Western Cape should focus on high value products

Population growth and rapid urbanisation will lead to a strong increase in the demand for food globally which means that the future looks bright for agriculture, but there are many challenges standing in the way of farmers seizing the opportunity to increase production.

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The Western Cape agriculture department commissioned a research document entitled ‘Agrifutura 2012’ to identify the opportunities and challenges that exists for farmers in South Africa in general and those in the Western Cape in particular.
The document was launched at the Western Cape Agri Summit in Stellenbosch recently and the research places emphasis on the role that sub-Saharan Africa will play in the development of agriculture in the Western Cape and vice versa over the next two decades.

This was according to Prof Nick Vink of Stellenbosch University who spoke at the launch of Agrifutura 2012. He said that because the Western Cape was the furthest from rapidly growing markets in Africa compared to other provinces in South Africa, the province should concentrate on high value products when entering African markets. Vink said the document also discussed the sustainability of South Africa’s increasingly active role as a “representative of Africa” in forums such as Brics and the G20.

The document also takes into account how changing demographics in South Africa will influence food demand in the next two decades. “In the Western Cape and Gauteng, about 90% of the population is urbanised, while only 9% of people in Limpopo live in urban areas,” he said. Vink said that, although largely self-sufficient in food production, millions of South Africans, primarily in rural areas, were vulnerable to food shortages.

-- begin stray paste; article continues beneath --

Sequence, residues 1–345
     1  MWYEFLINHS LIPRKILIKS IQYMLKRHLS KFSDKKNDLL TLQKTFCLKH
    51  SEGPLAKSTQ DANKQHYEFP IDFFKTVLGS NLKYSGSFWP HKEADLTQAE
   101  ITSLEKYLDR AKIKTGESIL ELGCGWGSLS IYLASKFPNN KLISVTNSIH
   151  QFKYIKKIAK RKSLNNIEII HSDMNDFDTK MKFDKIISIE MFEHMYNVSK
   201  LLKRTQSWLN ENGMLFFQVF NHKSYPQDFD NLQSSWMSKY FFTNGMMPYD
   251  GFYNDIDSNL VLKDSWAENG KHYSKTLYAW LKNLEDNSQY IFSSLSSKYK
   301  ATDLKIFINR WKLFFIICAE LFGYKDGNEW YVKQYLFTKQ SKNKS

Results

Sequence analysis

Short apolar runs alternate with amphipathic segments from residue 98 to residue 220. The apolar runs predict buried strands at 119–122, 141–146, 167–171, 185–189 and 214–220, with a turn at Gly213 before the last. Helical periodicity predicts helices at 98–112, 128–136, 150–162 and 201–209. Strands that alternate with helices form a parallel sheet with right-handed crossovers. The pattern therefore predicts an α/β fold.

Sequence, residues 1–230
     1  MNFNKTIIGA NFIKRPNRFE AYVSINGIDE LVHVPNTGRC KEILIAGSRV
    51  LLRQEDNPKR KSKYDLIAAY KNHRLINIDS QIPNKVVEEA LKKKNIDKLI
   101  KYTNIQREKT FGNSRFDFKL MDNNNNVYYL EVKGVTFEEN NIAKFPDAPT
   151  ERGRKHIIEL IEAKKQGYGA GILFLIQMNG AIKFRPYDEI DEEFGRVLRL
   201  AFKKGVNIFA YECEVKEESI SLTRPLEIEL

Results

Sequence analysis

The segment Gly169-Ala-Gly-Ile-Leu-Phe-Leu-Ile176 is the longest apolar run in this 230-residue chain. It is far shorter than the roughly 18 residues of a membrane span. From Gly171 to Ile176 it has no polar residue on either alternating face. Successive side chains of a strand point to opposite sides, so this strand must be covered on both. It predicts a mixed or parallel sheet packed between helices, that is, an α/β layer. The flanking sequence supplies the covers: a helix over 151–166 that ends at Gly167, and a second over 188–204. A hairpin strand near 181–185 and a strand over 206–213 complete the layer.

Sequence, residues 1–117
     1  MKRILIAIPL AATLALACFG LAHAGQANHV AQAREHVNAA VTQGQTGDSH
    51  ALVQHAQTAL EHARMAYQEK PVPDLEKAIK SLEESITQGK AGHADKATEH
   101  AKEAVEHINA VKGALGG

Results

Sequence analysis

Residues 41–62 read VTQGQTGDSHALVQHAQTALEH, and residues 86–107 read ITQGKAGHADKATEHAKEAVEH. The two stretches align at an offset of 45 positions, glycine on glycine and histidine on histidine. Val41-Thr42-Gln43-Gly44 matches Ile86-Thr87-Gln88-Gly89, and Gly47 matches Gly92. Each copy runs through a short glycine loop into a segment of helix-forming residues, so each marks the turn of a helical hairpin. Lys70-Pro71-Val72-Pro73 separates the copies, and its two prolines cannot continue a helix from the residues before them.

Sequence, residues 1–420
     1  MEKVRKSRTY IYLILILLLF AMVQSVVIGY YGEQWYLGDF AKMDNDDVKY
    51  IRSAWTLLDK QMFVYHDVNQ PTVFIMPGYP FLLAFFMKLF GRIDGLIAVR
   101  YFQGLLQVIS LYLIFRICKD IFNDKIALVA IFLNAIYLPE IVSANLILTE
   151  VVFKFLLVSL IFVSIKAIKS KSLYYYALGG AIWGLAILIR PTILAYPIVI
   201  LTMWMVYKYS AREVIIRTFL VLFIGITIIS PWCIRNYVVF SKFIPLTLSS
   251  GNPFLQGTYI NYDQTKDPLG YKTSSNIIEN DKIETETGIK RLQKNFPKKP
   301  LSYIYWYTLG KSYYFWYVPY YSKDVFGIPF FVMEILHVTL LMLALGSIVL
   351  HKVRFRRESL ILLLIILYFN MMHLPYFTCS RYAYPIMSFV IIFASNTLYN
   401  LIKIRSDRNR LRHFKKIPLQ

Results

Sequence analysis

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“More than a fifth of South African households had inadequate or severely inadequate access to food in 2011, with access problems the most serious in North West,” he said. “The demand for food is changing because of a range of demographic variables such as increasing urbanisation, a new, larger middle class and increased competition in food retail markets,” he said.

The document showed that the main challenges for South Africa and the Western Cape’s agricultural sector were: coping with the challenges of globalisation, adapting a rapid technology change, incorporating electronic communication in all aspects of business, finding, nurturing and retaining appropriately qualified personnel, security, land reform and coping with a volatile exchange rate and potentially volatile world economy.